Sinclair McKay has written multiple books about wartime England, including several about its two “Bs”: Bond and Bletchley Park. In February 2020, shortly before COVID-19’s global emergence, the London-based British journalist broke the mold with The Fire and the Darkness, a detailed retelling of Dresden’s bombing that coincided with its 75th anniversary.
McKay hunkered down and spent quarantine researching a different German metropolis: Berlin, the subject of a new book published this month titled “Berlin: Life and Loss in the City that Shaped the Century.” McKay mined the city archives, striving to relive the past century’s highs and lows through accounts straight from the mouths of ordinary Berliners. Their testimonies, fluidly woven throughout McKay’s narrative, solidify their home’s unique place in not just Europe but also modern history.
why did you initially pivot from writing about wartime england to writing about wartime germany?
I was partly trying to excavate a sense of reality, like I did with Bletchley Park. With Bletchley, I was telling the story from a slightly different angle other than “How we helped to win the war.” Who were the codebreakers, what walks of life did they come from, what were their lives like?
But I was also influenced by British guilt, I suppose — the bombing of Dresden by British bombers, and the inferno that rose and destroyed the lives of 25,000 people in one night. In Britain people recoil from it. Even though you might argue about whether it was technically a war crime or not, it was most certainly an atrocity; even Winston Churchill flinched when the news of it came through. I wondered: how do people put their lives back together again after that kind of cataclysm?
what compelled you to tackle berlin next?
I became interested in the experiences of ordinary Berliners not just through the cataclysm of 1945, when the Nazi regime finally fell, but also just the lens of the twentieth century. If you were born in Berlin in the year 1900 and were lucky enough to live to your seventies, your eighties, your nineties, you would have been living through a constant series of upheavals and revolutions and horrors, which I don’t think you could find in any other city.
You’ve got the First World War, and then the immediate aftermath of that — the German revolution and the artists’ uprising; the streets of Berlin turned into sniper canyons as near-civil war broke out. Then there was the Weimar Republic, and all the terrible economic lurches that came with that—the hyperinflation—and, of course, the rise of the Nazis and the genocide that followed. Thereafter, in 1945, the city gets torn into two by these competing ideologies, the West and Soviet Communism.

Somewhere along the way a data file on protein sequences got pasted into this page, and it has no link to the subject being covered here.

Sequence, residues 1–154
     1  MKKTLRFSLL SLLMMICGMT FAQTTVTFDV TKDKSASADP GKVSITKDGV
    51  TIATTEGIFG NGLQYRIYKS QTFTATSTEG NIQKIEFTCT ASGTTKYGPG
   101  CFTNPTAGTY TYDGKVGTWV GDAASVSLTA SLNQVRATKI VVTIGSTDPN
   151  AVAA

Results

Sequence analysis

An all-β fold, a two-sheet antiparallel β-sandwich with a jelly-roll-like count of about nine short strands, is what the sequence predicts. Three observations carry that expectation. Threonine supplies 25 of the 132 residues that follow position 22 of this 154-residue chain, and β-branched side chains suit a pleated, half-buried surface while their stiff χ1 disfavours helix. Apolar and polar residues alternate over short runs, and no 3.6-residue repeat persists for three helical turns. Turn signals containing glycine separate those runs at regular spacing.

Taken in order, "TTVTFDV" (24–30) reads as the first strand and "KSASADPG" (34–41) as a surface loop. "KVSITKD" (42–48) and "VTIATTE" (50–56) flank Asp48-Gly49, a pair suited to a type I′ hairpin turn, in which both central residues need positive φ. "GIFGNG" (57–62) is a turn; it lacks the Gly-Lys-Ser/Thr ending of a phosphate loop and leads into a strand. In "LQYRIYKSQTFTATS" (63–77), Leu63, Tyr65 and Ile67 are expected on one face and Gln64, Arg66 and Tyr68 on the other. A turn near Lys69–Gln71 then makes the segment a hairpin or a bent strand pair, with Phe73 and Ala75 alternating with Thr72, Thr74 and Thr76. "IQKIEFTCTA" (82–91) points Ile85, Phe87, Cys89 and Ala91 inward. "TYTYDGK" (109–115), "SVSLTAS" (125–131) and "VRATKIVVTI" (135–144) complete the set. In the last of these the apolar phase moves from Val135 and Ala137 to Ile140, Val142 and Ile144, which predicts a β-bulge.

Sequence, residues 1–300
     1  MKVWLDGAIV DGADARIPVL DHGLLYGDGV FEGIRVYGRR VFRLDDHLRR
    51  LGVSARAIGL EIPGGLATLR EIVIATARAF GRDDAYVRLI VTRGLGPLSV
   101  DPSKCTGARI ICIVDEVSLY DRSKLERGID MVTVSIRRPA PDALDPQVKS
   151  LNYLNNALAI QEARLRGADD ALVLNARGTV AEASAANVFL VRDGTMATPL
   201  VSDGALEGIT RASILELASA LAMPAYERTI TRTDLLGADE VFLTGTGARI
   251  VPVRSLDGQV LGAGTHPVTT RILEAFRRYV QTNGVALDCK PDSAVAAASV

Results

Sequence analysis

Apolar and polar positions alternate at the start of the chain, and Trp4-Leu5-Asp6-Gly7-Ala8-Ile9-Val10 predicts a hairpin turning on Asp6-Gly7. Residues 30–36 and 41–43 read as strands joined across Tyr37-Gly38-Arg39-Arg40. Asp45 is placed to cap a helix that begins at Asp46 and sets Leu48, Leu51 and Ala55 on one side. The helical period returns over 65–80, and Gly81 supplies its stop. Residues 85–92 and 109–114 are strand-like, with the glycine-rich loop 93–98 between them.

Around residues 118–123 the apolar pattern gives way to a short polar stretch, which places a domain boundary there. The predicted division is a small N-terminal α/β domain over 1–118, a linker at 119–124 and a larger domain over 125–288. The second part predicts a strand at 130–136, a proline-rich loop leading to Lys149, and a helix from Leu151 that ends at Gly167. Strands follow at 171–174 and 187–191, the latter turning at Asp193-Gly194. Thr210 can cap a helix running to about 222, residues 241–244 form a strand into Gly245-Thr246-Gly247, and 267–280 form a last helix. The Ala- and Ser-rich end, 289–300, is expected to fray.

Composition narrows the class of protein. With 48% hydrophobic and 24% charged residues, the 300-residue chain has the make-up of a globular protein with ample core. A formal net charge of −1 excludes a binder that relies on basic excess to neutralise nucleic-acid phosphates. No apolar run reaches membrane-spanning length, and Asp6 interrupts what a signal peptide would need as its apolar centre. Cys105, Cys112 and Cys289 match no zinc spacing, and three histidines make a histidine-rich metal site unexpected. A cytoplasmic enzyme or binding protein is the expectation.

From the point of view of an ordinary Berliner, who was just trying to live an ordinary life — going to work, falling in love, just trying to get on — what was it like to live through that?
your book spans 20th-century berlin, but mainly unfolds through spring 1945.
There are moments in history that stand like lighthouses, illuminating all that came before and after. 1945 is one of them. Inevitably, in wanting to find out more about its consequence in Berlin, I also needed to find out who its people were beforehand, and who they were after. So yes, 1945 is the core of the book: I wanted to understand on a day-by-day basis what it must have been like to live through what must have seemed like the end of the world.
How did you research and write this book during a global pandemic?
The pandemic did pose its own challenges and difficulties in terms of travel and research because, of course, archives and libraries were shot. But there’s a fantastic organization in Berlin called the Contemporary Witness Exchange, which is run by academics and volunteers.
The Exchange arranges meetings between older and younger Berliners for educational history tours that are like oral history. Some of the extraordinary memories you get from older members involve the days before the Berlin Wall, and then when the wall came along. They were good enough to meet me during gaps between lockdowns when I was able to go over there, and they furnished me with a huge amount of material — literally, two or three carrier bags full of raw material — as well as directions and thoughts.